Last edited by Braininvat on February 20th, 2017, 3:55 pm, edited 1 time in total.
Reason: fix typo
User avatar
mitchellmckain
Member
 
Posts: 495
Joined: 27 Oct 2016


Re: Interview with pastor regarding skepticism of Christiani

Postby henriette on February 1st, 2017, 8:32 am 

Dear,
Not only for fun, two points about the topic:

There is a most important spiritual figure, the son of God and of a human female, who suffered the sacrifice of his life for all of them, who went to the dead's world, who was not born out of a vagina (but rather out of a leg), who experienced resurrection and made a lot of miracles : Dionysus. What is important here is maybe not so much the historic truth but rather the impact of such symbols, I mean the way they work more than their meanings.

The concept of miracle as discussed in the paper seems to be inconsistent because what god may do is always under his common law or his will, whatever it appears to be a general rule or rather an exception, is it? I do not understand what this pastor (or Pascal) means when it is about miracles.

It is of major interest in this field to read about paleochristianity. The two councils of Nicea and Constantinople, out of whom the Christian credo (i.e. the symbol of Nicea-constantinople) was developed, were mainly a way to settle disputes with other Christian sects (including the marcionists and the followers of Simon the magician). My humble position here is that Augustine made a great work at least on a point : he made Christianity, with its bunch of saints, something else than an iconoclast religion, at the opposite of the two others religions around and astonishingly despite Augustine's interest for Plato's idealism ! This is a miracle we may all enjoy when entering a Gothic or a Roman church !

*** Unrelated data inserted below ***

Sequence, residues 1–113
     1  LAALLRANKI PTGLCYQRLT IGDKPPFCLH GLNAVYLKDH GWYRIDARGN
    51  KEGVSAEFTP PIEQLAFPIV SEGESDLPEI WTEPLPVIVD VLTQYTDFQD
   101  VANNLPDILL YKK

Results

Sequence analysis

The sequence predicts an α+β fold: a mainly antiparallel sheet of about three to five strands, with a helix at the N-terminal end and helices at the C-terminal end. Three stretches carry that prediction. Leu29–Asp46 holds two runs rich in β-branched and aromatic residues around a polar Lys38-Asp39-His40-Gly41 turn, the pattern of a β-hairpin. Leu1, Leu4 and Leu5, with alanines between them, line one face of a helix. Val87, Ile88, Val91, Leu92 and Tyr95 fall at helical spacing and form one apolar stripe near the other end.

User avatar
henriette
Member
 
Posts: 357
Joined: 30 Oct 2007


Re: Interview with pastor regarding skepticism of Christiani

Postby Braininvat on February 19th, 2017, 7:44 pm 

Mitchell, I have neglected this thread. Thanks so much for your reply , especially the insight on Paul's distinction. I will be back and fix your typo in the first post.

I am a bit puzzled about the concept, in Hemriette's post, of being born from a leg rather than a vagina. Some anatomy clarification is needed?
User avatar
Braininvat
Forum Administrator
 
Posts: 5517
Joined: 21 Jan 2014
Location: Black Hills


Re: Interview with pastor regarding skepticism of Christiani

Postby mitchellmckain on February 20th, 2017, 12:24 am 

Braininvat » February 19th, 2017, 6:44 pm wrote:I am a bit puzzled about the concept, in Hemriette's post, of being born from a leg rather than a vagina. Some anatomy clarification is needed?

The myth of Dionysus is that he was born out of Zeus' leg, the fetus transplanted there from the dying mother. The relevance is probably the other parts of the myth of Dionysus which sound like Jesus: came back to life after being ripped apart by the Titans and performed a resurrection. But frankly these two are such common elements in the stories of mythical gods that one could say they were standard expectations for anyone claiming such a status. Then it becomes a chicken vs. egg type issue where the Christian is just going to see all these myths as foreshadowing Christ.
User avatar
mitchellmckain
Member
 
Posts: 495
Joined: 27 Oct 2016



Return to Religion

Who is online

Users browsing this forum: No registered users and 5 guests